French Haute Couture designer FRANCK SORBIER made the gowns worn by your Madonna. How did you meet him and do you often collaborate with Mr. Sorbier?
Franck Sorbier is the Maître d’Art amongst fashion designers and I am proud of our collaborations which have been going back for several years already. There only exist 14 designers who carry the label of Grand Couturier - Franck is one of them. He was even awarded two honorary titles by the Government of France. Franck has a great understanding of influential trends and conducts deep research for his creations. His great understanding of Christian iconography was very important for an art project such as the one of the Black Madonna.
Thanks to your illustrious career as a fashion photographer for all the greatest designers and magazines worldwide do you often collaborate with designers, fashion models etc. to create your more artistic creations?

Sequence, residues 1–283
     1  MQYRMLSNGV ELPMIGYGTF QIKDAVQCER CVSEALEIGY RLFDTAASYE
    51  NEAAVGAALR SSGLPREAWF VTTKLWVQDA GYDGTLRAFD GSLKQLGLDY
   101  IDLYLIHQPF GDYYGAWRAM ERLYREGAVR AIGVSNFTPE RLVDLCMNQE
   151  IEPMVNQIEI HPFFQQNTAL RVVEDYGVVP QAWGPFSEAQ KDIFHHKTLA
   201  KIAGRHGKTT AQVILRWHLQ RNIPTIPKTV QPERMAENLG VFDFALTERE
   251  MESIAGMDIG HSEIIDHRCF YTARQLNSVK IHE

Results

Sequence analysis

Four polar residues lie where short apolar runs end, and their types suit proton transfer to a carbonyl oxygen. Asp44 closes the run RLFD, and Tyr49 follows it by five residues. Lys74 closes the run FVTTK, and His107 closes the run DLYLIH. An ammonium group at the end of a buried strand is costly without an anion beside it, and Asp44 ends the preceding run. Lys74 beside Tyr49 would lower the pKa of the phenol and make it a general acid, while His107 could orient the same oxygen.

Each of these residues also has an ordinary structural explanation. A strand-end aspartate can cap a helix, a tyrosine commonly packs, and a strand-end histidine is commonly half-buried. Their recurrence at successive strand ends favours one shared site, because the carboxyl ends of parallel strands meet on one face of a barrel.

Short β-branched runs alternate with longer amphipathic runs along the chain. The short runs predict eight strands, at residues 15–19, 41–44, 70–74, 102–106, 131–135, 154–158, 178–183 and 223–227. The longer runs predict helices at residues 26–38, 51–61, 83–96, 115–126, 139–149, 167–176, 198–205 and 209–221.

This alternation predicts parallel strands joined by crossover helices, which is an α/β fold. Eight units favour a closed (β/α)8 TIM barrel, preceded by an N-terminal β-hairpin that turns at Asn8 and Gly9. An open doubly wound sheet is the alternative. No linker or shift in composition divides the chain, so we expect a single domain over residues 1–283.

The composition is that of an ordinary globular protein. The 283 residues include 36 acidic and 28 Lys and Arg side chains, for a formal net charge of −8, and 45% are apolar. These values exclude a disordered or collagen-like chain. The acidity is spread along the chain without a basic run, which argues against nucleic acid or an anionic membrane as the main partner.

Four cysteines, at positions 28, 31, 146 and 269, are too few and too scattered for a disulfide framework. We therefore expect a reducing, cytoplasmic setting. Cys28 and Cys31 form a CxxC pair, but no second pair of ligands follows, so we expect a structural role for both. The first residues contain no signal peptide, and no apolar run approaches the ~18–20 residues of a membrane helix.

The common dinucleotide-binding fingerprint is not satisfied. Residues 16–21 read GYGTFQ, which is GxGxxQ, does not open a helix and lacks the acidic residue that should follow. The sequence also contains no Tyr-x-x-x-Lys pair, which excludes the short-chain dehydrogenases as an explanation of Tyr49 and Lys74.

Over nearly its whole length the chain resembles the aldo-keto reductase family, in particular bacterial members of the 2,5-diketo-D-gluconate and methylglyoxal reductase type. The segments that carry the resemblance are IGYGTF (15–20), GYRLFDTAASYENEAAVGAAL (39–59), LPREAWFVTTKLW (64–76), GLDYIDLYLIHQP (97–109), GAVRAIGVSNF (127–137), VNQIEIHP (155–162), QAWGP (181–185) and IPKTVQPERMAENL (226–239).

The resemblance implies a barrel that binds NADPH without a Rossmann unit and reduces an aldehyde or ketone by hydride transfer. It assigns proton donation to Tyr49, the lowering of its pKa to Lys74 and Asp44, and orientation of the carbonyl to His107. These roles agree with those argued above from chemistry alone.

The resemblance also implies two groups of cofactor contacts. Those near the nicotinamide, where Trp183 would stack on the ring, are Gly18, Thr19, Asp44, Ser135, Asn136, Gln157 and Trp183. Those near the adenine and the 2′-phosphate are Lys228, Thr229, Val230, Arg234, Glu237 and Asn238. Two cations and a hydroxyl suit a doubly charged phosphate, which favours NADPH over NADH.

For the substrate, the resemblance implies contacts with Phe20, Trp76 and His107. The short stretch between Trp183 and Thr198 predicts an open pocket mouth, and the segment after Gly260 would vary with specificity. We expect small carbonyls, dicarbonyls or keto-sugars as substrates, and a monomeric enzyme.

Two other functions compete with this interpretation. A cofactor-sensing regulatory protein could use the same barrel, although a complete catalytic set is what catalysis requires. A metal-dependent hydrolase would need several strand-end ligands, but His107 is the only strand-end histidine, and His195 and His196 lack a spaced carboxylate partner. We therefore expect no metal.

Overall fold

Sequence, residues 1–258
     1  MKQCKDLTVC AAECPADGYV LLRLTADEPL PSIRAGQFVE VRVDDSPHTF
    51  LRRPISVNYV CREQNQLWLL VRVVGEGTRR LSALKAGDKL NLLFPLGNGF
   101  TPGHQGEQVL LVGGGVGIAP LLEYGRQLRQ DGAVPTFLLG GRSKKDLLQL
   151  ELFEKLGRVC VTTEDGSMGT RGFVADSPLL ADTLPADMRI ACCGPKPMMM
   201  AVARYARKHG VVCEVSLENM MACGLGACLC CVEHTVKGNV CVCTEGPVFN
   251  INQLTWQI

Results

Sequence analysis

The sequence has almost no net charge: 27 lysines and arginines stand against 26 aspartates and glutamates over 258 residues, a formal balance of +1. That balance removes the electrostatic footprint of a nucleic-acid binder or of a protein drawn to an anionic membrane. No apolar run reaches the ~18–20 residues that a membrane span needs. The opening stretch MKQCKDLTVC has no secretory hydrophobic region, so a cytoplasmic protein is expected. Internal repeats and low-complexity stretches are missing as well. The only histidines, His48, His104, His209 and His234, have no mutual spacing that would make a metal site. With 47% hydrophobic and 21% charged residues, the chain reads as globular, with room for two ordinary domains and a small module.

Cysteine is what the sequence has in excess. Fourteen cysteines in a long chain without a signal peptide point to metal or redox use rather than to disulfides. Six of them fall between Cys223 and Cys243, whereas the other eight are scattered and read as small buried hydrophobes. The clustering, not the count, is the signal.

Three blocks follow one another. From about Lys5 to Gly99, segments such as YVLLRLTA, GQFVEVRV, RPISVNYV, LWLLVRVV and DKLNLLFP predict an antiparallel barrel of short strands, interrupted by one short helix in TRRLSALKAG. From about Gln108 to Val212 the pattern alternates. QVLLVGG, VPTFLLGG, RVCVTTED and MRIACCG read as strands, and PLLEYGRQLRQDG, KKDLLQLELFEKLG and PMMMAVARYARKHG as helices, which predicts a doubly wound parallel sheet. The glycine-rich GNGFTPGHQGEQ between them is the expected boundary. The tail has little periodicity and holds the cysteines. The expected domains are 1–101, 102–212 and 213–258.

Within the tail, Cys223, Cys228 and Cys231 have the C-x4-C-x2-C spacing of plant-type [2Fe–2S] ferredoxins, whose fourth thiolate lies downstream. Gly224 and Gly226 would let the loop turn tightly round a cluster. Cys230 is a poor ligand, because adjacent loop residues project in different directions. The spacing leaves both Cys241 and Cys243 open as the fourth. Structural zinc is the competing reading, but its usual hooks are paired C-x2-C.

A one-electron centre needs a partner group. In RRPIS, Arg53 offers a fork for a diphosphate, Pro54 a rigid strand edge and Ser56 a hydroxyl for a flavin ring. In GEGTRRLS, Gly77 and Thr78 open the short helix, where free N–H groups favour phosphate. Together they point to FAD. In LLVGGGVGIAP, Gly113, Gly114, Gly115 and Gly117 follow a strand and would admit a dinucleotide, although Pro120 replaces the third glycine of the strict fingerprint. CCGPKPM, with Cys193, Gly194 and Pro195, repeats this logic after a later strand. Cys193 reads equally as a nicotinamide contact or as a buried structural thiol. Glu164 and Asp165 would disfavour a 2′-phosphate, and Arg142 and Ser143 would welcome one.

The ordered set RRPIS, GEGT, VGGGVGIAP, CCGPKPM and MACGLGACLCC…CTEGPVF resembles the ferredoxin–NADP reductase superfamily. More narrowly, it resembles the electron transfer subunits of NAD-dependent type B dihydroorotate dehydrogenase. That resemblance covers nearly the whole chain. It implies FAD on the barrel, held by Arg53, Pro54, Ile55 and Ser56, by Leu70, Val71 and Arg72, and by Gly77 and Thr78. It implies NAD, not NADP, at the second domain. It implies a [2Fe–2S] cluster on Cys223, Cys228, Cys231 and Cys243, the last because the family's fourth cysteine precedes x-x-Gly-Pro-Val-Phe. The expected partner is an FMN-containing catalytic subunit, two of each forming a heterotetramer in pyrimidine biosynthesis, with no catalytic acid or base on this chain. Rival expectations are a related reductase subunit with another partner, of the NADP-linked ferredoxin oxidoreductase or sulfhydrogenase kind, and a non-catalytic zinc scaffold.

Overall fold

My background is in fashion and advertising where I started my career as a model and then photographer. I worked for all types of magazines and customers including Vanity Fair, Heidi Klum and Claudia Schiﬀer. In the last 15 years I have been developing a new art form called PHOTO PERFORMANCE, where I transport various types of images into real life, while including the public. Like this I end up with not only the final result of a photo, but give partakers the experience of being included in the creation as a whole. I like to create a group of models and other individuals who just happen to witness the performance to then be included. This gives them the feeling of being a star, like someone who you usually only see on covers of magazines. This way of interaction is something me and the other individuals included value a lot, since the digital revolution has changed the was fashion magazines are created and distributed.